I agree the first couple of Puzzle lists should be easy, so the player can get their feet wet with a bit of fireball analysis. If the puzzles or challenge fields are too tough they'll just go back and play another Fun list or two, until the feel they've got the basics. Forcing people through a Novice path or a Easy projection would only stymie a portion of the audience that are either hardcore or have already played enough to know the basics, a portion which grows over time as people play the game.

I like the setting text, something minimal like that is just about what we need. Maybe we could explain the Fireball's fruedian fascination with spikey exit orbs.

Just doing two trials with friends has been illuminating, what sort of things should we be recording for? What protocols should we follow?

I'd be interested in doing the blind trials (and maybe level design, but I'm not so great at that).

What specs are required for the pc to run it?
I've got a 1.6 Centrino laptop that is my best pc atm. It has a generico Intel graphics card though.

Would that be enough?

What's the deal with the licensing you mentioned?

that is all :)


Thanks for the feedback! I agree with just about everything you say here. Having reflected upon it for a day, I think as long as the first few field lists in each Path are Easy, we should be fine. The first four to six field lists in Fun should be no problem. In Challenge and Puzzle we can start with all Easy fields, then go to Easy fields with a Mid to close, then bring out the structures discussed in the documentation.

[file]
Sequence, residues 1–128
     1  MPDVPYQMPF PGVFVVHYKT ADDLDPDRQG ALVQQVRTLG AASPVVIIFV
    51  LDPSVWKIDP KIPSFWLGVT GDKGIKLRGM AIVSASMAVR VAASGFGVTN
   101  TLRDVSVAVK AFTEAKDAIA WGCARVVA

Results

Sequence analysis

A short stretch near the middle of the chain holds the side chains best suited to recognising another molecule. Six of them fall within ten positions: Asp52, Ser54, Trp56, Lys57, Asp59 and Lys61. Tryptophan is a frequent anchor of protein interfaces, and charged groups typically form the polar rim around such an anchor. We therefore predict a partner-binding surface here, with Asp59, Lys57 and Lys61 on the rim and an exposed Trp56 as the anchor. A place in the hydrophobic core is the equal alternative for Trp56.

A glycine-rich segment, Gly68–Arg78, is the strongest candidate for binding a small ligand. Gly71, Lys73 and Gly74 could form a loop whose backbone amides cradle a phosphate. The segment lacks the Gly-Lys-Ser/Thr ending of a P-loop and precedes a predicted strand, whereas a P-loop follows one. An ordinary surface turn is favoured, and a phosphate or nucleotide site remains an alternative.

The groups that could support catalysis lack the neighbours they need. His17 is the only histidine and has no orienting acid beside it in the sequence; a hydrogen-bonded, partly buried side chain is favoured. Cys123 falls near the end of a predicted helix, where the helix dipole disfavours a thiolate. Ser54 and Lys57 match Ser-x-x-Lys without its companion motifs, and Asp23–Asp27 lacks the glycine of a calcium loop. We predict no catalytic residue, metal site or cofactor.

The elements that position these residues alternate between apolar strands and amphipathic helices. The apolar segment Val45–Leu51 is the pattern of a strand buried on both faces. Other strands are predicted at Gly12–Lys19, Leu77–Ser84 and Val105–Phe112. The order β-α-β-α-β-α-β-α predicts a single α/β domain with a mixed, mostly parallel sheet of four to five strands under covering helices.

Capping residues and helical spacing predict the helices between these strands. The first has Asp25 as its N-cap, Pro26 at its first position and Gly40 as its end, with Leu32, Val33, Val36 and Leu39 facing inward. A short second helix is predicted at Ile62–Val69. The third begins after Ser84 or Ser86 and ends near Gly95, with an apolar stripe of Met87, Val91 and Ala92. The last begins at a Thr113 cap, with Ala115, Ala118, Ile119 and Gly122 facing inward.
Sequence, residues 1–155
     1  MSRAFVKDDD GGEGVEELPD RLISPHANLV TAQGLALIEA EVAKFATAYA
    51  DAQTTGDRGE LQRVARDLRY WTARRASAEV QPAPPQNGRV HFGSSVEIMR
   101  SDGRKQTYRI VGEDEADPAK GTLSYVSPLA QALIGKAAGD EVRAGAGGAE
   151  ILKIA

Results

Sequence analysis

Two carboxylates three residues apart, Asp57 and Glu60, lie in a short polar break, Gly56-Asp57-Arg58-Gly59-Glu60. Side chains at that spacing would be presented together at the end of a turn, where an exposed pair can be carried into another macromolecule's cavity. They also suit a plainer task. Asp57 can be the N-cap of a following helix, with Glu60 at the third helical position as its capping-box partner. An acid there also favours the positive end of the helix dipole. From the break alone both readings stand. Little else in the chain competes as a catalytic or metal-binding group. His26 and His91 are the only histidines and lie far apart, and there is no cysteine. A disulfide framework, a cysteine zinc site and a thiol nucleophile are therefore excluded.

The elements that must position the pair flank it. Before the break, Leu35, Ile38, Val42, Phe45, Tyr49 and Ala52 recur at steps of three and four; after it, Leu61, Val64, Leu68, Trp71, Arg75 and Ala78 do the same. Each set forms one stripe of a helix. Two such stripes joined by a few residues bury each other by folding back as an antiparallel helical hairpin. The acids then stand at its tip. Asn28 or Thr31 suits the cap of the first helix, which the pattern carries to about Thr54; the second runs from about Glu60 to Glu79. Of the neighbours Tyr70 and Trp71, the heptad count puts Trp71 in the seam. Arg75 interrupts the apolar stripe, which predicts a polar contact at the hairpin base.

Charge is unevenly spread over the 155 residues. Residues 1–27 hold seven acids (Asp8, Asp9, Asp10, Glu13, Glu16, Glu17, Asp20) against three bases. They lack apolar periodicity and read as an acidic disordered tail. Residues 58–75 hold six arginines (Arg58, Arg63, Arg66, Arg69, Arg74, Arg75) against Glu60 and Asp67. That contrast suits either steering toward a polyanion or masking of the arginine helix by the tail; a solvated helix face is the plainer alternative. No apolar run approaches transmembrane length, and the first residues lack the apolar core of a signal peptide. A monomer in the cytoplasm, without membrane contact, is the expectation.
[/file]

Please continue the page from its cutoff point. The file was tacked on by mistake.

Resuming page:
I need to modify the generic blind trial protocols for Fireball, then I'll send it out to the Fireball list. In essence, the trial limits how much assistance you provide to the player (to see what they struggle to understand on their own) and records emotional responses such as amusement, frustration and fiero.

The build isn't ready for blind trials yet, in my opinion, so I won't draw up the protocol just yet. I'm hoping it can be in the next few weeks or so.


I actually don't have the technical know-how to judge your specifications! :( I'm suprisingly rubbish with hardware! The licensing is effectively non-disclosure paperwork which states you won't violate copyright and confidentiality rights. Please find the "Want to Work on Fireball?" link in the sidebar, click the 'click here' section and scroll down to the email address link. Send a short email saying you're interested in running blind trials for Fireball, and someone will be in touch with the minimum spec and license paperwork. We won't be ready for blind trials for another few weeks, so there's time for you to sort this out, if it's viable. Thanks for volunteering!